MALE PERSPECTIVE By Mitchell Odhiambo
‘ON CHIVALRY ‘
When I am out and about in the CBD, I often see how men and women, scramble to board the fastest matatus to Ongata Rongai (Kenya’s Diaspora), and my heart sinks. Chivalry is Dead.
What happened to the knightly honour with which we were raised? Where men would open doors for women, foot the dinner bill, ask her out for coffee, pull her a seat, offer her his place in the queue? All this was once normal, now it’s like a historical monument, there to be heard about but never to be practiced. What does this make our society?
In the traditional African set up, men would offer protection to their households, risk their lives to bring food back home but for some reason, this seldom happens. It is unfortunate when you look at some of the traditions we bury. A colleague said to me the other day that if he found a driver with a flat tyre along Mombasa Road, he would only offer help, if it were a gentleman.
I could not conceal the shock on my face as he continued to elaborate. “You see, men will not accuse you of anything, women on the other hand, could even slap you for being sexist when you offer a helping hand.” I then asked myself, is this the reason why men are no longer quick to step in and offer help?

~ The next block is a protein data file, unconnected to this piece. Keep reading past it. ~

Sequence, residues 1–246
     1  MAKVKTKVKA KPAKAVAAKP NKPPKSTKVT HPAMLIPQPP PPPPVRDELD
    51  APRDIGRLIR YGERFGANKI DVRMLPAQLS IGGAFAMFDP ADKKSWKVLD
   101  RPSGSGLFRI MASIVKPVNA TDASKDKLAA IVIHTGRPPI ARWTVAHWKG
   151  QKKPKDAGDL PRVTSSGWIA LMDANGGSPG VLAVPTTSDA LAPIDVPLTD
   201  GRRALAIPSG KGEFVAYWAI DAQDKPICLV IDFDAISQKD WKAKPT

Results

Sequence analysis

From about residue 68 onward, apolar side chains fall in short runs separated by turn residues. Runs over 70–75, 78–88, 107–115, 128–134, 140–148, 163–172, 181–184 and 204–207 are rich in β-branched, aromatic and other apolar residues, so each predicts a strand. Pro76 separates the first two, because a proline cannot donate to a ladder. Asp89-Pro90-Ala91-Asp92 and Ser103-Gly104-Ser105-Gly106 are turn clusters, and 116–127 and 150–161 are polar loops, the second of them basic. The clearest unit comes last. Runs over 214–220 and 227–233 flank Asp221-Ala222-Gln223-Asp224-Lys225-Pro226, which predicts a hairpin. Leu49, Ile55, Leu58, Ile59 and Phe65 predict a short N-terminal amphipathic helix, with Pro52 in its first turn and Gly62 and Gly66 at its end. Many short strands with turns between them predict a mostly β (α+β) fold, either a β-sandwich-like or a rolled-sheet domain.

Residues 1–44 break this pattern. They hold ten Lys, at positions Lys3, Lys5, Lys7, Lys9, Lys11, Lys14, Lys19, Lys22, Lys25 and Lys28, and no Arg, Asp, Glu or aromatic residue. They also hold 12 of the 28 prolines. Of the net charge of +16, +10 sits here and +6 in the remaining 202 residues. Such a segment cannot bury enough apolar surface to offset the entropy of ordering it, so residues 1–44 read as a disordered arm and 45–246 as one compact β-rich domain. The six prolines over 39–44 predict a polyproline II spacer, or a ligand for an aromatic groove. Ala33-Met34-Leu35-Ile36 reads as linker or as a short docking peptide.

If being a modern man is to push women aside and to manhandle them ruggedly like rugby players then I will opt for traditional behaviour anytime, as I believe women appreciate it when a man pulls her a seat, gets the door for her, chooses a dinner table etc. And gentlemen, we have got to practice it, persevere at it, until it becomes ingrained in us as a culture which we then pass down to generations.
So, in closing, let us re-visit the Knightly honour that was once prestigiously bestowed on the male species. Welcome to a man’s world. From Mitchell Odhiambo. For a female perspective, click link to read my colleague Beryl’s views – http://goo.gl/nEYUWF
I think if women fight for their gender rights its only right that they take the full packege not a dose of what suits them only.I don’t agree with pushing them aside but if we are on the queue we are both equal and if you try to be a gentleman so much I think you will get home by midnight and the lady you let pass will be tucked in the bed ready to go to wonderland.
Once I held a door open for a lady at a crowded government office and she yelled the following words at me, much to my surprise and the entertainment of the crowd that suddenly fell silent:
“I am sorry, do I look disabled?”
Since then, I haven’t bothered trying to be a gentleman except to my sisters since that was the last straw for me. I had suffered such rude remarks for a month or so and I was done.